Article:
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Halotherapy

Related Terms

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Background

  • Speleotherapy comes from the Greek word "speleo," for cave, and refers to salt-lined caves. During speleotherapy, patients sit in salt-lined caves for medicinal purposes. The salt is thought to have bactericidal effects and help regulate air humidity in these caves. These properties are believed by some to improve respiratory conditions and relieve some skin conditions.
  • Halotherapy, or treatment with salt, comes from the Greek word "halos," which means salt. Halotherapy replicates the salt-cave environment of speleotherapy, with the intention of being more accessible and less expensive. Halotherapy involves man-made structures that replicate the environment of the salt caves and is considered a natural, non-invasive, treatment.
  • Similar to speleotherapy, the intent of halotherapy is to improve or cure respiratory ailments (such as asthma, bronchitis, or sinusitis) and skin conditions (such eczema or psoriasis).
  • Some manufacturers also market smaller devices for home use. Although the properties of these home devices are based on halotherapy, they are typically called aerosol salt treatments. Some of these salinizers release particles into the home environment, while others are pipes that require the user to place his/her mouth over the device and breathe for 15-25 minutes daily. Salt lamps are also marketed, purportedly to ease respiratory symptoms by "balancing the ions in the air" via electricity when they are plugged in for long periods of time, although scientific research proving this is lacking.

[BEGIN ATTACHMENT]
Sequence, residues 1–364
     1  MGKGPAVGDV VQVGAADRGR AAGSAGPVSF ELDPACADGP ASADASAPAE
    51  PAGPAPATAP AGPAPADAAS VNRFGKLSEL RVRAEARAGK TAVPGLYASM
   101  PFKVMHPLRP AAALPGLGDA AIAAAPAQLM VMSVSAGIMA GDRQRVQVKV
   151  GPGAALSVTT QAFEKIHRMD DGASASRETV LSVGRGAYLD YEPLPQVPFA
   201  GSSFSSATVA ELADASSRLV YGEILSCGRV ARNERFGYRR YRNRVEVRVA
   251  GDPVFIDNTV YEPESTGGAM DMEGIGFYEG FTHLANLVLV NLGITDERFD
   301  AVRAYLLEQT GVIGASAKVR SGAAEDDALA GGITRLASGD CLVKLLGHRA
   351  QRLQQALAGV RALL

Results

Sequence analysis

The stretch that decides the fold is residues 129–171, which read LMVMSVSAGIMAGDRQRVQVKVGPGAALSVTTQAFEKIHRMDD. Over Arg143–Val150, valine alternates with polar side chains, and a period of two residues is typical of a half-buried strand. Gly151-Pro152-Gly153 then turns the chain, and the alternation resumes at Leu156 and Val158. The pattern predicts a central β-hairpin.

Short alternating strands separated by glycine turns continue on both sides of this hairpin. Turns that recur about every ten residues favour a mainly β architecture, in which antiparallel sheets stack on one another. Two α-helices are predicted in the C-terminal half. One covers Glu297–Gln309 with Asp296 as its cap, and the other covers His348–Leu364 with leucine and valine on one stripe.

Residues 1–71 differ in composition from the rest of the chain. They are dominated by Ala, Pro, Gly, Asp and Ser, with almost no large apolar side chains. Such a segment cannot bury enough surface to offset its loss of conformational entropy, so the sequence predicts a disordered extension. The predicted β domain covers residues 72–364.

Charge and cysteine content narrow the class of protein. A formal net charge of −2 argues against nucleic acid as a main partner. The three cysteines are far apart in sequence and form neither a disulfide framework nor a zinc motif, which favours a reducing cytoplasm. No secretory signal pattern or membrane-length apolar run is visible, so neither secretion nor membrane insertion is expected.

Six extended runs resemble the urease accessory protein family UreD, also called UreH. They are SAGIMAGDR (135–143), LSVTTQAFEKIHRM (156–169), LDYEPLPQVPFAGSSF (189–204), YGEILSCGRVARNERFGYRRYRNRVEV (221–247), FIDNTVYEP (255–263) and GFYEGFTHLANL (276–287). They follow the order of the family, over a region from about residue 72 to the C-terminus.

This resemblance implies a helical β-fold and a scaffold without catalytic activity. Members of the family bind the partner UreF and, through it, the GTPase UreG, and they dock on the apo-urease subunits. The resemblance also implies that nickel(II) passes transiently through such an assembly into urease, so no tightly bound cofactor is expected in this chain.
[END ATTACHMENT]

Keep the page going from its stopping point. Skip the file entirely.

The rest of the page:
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Technique

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Theory/Evidence

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Safety

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Author Information

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References

Natural Standard developed the above evidence-based information based on a thorough systematic review of the available scientific articles. For comprehensive information about alternative and complementary therapies on the professional level, go to www.naturalstandard.com. Selected references are listed below.

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The information in this monograph is intended for informational purposes only, and is meant to help users better understand health concerns. Information is based on review of scientific research data, historical practice patterns, and clinical experience. This information should not be interpreted as specific medical advice. Users should consult with a qualified healthcare provider for specific questions regarding therapies, diagnosis and/or health conditions, prior to making therapeutic decisions.